Controlling synaptotagmin activity by electrostatic screening

Article metrics


Exocytosis of neurosecretory vesicles is mediated by the SNARE (soluble N-ethylmaleimide–sensitive factor attachment protein receptor) proteins syntaxin-1, synaptobrevin and SNAP-25, with synaptotagmin functioning as the major Ca2+ sensor for triggering membrane fusion. Here we show that bovine chromaffin granules readily fuse with large unilamellar liposomes in a SNARE-dependent manner. Fusion is enhanced by Ca2+, but only when the target liposomes contain phosphatidylinositol-4,5-bisphosphate and when polyphosphate anions, such as nucleotides or pyrophosphate, are present. Ca2+-dependent enhancement is mediated by endogenous synaptotagmin-1. Polyphosphates operate by an electrostatic mechanism that reverses an inactivating cis association of synaptotagmin-1 with its own membrane without affecting trans binding. Hence, the balancing of trans- and cis-membrane interactions of synaptotagmin-1 could be a crucial element in the pathway of Ca2+-dependent exocytosis.

Access options

Rent or Buy article

Get time limited or full article access on ReadCube.


All prices are NET prices.

Figure 1: SNARE-dependent fusion of CGs with LUVs.
Figure 2: Role of polyphosphates in Ca2+-dependent vesicle fusion as measured by a lipid-mixing assay.
Figure 3: Roles of synaptotagmin-1 and PI(4,5)P2 in Ca2+-dependent enhancement of vesicle fusion.
Figure 4: Effect of ATP on association of synaptotagmin-1 to the vesicle membrane.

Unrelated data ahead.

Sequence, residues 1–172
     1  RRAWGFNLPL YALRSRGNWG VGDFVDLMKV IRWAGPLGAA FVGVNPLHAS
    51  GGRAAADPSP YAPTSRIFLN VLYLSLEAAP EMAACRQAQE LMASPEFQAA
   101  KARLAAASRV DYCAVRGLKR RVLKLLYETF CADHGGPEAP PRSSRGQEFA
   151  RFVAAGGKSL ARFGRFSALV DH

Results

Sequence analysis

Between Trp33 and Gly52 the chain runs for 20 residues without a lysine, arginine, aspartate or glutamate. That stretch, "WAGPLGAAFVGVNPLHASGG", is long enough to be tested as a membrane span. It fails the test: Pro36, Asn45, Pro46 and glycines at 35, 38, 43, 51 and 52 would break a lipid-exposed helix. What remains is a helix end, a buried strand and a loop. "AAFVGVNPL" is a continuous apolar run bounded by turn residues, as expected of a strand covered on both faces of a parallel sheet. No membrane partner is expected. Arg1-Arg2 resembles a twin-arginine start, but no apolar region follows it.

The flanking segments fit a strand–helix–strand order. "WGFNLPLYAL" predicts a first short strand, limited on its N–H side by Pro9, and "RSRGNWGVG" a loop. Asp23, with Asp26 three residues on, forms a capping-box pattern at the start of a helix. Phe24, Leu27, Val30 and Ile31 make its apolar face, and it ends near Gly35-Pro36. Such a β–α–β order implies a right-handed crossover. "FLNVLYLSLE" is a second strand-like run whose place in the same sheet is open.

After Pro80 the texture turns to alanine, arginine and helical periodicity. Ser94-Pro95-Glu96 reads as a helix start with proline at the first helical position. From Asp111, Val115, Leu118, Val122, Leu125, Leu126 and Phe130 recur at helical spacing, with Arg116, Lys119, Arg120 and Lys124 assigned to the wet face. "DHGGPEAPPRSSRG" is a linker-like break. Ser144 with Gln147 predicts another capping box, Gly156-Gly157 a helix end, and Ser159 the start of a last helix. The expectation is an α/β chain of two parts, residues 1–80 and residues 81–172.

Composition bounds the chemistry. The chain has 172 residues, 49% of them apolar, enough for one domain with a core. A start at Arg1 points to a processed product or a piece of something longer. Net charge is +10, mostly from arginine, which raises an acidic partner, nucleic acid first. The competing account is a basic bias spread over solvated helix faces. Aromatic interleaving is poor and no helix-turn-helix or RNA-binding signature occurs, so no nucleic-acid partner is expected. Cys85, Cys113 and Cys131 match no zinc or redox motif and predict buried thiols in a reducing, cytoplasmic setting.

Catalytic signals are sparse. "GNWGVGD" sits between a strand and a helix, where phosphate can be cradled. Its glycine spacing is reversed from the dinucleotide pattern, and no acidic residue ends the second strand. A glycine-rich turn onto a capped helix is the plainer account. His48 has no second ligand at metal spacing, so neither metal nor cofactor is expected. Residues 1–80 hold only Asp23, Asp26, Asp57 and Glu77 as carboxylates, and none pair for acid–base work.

Figure 5: Effect of acidic phospholipid concentration in the liposome membrane on Ca2+-dependent binding of synaptotagmin-1.
Figure 6: Effect of polyphosphates on Ca2+-dependent binding of synaptotagmins to membranes containing acidic phospholipids.


  1. 1

    Augustine, G.J. How does calcium trigger neurotransmitter release? Curr. Opin. Neurobiol. 11, 320–326 (2001).

  2. 2

    De Camilli, P. & Jahn, R. Pathways to regulated exocytosis in neurons. Annu. Rev. Physiol. 52, 625–645 (1990).

  3. 3

    Park, Y. & Kim, K.T. Short-term plasticity of small synaptic vesicle (SSV) and large large dense-core vesicle (LDCV) exocytosis. Cell. Signal. 21, 1465–1470 (2009).

  4. 4

    Neher, E. Vesicle pools and Ca2+ microdomains: new tools for understanding their roles in neurotransmitter release. Neuron 20, 389–399 (1998).

  5. 5

    Neher, E. A comparison between exocytic control mechanisms in adrenal chromaffin cells and a glutamatergic synapse. Pflugers Arch. 453, 261–268 (2006).

  6. 6

    Jahn, R. & Scheller, R.H. SNAREs—engines for membrane fusion. Nat. Rev. Mol. Cell Biol. 7, 631–643 (2006).

  7. 7

    Martens, S. & McMahon, H.T. Mechanisms of membrane fusion: disparate players and common principles. Nat. Rev. Mol. Cell Biol. 9, 543–556 (2008).

  8. 8

    Martin, T.F. The molecular machinery for fast and slow neurosecretion. Curr. Opin. Neurobiol. 4, 626–632 (1994).

  9. 9

    Rizo, J. & Rosenmund, C. Synaptic vesicle fusion. Nat. Struct. Mol. Biol. 15, 665–674 (2008).